The Advertising Standards Authority has responded to claims by a religious blogger that correspondence it sent him requesting he comply with an investigation into a Coalition for Marriage advert amounted to ‘persecution’.
The blogger refers to himself in the third person and adopts the pseudonym Archbishop Cranmer, occasionally taking on the identity of the 16th century cleric to comment on current affairs.
The ASA is investigating an advert by the Coalition for Marriage which complainants believe was offensive, homophobic or misleading. The Cranmer blog, among others, ran the advert online.
The advert showed pictures of couples on their wedding days, the words “I do”, the statement “70% of people say keep marriage as it is (Source: ComRes poll for Catholic Voices)”, and the words “Please sign the petition”, with a link to the Coalition for Marriage website.
Last week, the widely-read Christian blogger said the ASA had “persecuted” him in correspondence containing “all manner of official papers, formal documentation and threatening notices” which “demanded” answers to a number of questions about his decision to run the advert.
The blogger reprinted parts of the ASA’s correspondence in which it said: “We require you to explain your rationale for the ad” and “robust documentary evidence to back the claims and a clear explanation from you of its relevance and why you think it substantiates the claims” as part of the investigation into the Coalition for Marriage advert.
He added that gays could have emailed him the complaint “and we could all have had a jolly good chinwag about the whole thing”.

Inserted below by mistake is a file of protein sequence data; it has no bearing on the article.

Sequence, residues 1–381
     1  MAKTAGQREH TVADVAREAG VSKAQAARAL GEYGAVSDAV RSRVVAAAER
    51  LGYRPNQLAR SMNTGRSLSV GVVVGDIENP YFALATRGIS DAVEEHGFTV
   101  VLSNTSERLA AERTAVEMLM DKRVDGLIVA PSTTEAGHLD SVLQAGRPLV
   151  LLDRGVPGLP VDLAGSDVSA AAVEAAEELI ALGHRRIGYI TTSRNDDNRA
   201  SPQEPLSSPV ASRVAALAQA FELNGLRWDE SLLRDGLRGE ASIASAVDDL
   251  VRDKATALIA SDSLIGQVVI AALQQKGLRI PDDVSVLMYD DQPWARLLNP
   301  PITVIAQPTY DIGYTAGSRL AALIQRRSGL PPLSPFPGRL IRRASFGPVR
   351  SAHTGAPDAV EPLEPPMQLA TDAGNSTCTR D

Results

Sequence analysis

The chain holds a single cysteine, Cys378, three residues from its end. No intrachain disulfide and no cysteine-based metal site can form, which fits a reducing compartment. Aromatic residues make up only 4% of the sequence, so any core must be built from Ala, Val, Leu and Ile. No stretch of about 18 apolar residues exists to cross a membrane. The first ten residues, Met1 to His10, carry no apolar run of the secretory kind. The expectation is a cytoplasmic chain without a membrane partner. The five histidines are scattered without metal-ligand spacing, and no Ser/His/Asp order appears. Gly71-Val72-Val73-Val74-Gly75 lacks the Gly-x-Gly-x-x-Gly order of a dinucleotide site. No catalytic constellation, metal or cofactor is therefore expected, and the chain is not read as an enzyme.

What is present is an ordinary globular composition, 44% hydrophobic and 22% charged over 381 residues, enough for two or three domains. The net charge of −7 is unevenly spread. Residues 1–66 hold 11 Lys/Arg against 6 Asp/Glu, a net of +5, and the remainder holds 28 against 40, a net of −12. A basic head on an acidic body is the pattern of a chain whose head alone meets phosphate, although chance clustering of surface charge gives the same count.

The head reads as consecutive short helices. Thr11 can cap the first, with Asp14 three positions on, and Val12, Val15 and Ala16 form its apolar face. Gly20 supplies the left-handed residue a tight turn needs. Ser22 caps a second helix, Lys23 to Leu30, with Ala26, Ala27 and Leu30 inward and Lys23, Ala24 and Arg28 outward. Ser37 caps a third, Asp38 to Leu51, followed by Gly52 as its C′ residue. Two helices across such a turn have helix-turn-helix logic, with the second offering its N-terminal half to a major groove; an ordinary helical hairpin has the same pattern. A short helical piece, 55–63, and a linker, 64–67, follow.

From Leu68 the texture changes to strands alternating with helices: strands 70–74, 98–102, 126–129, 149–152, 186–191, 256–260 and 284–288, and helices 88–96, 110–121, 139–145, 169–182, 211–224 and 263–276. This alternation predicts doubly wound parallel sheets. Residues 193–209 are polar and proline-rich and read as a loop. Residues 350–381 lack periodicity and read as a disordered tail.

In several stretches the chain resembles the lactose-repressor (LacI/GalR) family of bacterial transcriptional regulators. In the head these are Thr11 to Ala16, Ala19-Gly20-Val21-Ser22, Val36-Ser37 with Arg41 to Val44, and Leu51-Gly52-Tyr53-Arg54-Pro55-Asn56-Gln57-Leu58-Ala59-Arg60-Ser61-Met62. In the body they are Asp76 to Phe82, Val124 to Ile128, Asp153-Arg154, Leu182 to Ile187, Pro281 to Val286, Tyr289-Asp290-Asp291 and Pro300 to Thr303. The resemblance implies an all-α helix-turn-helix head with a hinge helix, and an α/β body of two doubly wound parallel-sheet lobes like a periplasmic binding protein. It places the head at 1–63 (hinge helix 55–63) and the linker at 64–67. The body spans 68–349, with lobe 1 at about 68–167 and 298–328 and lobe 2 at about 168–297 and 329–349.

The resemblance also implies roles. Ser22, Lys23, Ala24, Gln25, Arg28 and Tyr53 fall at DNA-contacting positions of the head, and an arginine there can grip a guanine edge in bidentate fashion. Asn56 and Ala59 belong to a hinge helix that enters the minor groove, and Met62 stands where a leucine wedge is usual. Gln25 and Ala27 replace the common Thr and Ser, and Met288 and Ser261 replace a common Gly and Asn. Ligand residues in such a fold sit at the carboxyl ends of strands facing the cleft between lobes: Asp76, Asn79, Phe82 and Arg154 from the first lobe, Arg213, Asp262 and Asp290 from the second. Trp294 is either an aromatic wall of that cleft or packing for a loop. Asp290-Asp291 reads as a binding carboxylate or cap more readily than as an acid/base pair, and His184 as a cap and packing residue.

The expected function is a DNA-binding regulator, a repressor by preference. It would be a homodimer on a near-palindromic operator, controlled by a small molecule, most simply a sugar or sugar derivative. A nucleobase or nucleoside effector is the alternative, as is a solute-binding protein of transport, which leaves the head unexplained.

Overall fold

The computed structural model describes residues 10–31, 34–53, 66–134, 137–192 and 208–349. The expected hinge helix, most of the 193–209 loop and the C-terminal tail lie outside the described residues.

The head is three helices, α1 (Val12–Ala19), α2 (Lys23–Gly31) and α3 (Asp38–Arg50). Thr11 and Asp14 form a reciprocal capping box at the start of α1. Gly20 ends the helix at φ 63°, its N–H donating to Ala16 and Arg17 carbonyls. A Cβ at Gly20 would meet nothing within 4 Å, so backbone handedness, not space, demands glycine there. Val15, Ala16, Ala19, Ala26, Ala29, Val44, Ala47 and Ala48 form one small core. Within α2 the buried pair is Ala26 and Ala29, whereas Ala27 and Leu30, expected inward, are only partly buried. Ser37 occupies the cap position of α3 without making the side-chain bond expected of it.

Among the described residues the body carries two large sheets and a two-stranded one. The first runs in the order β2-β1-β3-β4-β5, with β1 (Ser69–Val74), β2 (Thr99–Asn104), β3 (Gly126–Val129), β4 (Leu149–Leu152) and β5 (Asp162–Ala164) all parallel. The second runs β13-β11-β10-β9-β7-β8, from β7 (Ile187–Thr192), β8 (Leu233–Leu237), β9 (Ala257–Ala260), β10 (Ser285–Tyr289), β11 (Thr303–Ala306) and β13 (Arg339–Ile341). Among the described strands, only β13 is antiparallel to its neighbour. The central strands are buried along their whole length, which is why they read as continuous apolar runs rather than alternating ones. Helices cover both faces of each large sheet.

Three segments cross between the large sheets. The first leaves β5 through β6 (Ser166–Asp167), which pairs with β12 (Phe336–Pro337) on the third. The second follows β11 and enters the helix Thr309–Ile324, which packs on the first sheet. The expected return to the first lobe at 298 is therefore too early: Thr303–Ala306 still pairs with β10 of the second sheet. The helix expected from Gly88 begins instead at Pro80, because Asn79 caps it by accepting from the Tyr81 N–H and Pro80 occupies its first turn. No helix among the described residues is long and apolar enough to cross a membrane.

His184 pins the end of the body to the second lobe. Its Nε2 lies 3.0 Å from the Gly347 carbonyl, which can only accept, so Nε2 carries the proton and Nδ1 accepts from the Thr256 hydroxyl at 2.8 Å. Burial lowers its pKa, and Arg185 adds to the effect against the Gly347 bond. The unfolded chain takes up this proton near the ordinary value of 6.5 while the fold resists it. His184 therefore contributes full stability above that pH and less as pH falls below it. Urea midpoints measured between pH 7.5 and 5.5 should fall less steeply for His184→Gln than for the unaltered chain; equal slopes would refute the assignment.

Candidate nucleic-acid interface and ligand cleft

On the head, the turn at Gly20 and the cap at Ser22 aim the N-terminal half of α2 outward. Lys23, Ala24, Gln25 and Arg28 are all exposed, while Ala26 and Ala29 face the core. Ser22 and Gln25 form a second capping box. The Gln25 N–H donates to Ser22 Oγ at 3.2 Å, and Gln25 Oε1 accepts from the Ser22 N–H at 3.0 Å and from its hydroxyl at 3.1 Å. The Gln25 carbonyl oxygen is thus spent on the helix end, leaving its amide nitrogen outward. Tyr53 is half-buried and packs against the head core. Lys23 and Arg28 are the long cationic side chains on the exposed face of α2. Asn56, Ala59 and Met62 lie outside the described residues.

“Instead, they called in the Gestapo to censor the assertion that marriage is a life-long union between one man and one woman, in accordance with the teaching of the Established Church, the beliefs of its Supreme Governor, and the law of the land. But to say so is now, apparently, ‘offensive and homophobic’.”
The ASA said today: “One of the bloggers on whose blog the ads appeared has raised concerns about us contacting him as part of our investigation. We have long found it useful to ask, in confidence, publishers of ads subject to ‘offence’ complaints for their views, because they can give us a valuable insight into whether or not their readers are likely to be offended. They are not the subject of our investigation, as we have made clear to them in this case, and they are not compelled to respond.
It added: “We cannot comment further on our ongoing investigation before we reach a decision, but we will very carefully assess the issues at hand before we publish our findings.”
Cranmer said today it was “untrue” that the ASA had “made it clear” he was not compelled to respond to the request for information, reproducing more of the correspondence and saying it was “fatuous” to question whether a blog would publish material its readers would find offensive.
He accused the ASA of “obfuscating and issuing misleading statements”, adding: “And if they are not purposely misleading, they are mightily deluded in the extent to which their polite requests for ‘valuable insight’ might be construed as aggressive demands and threats.”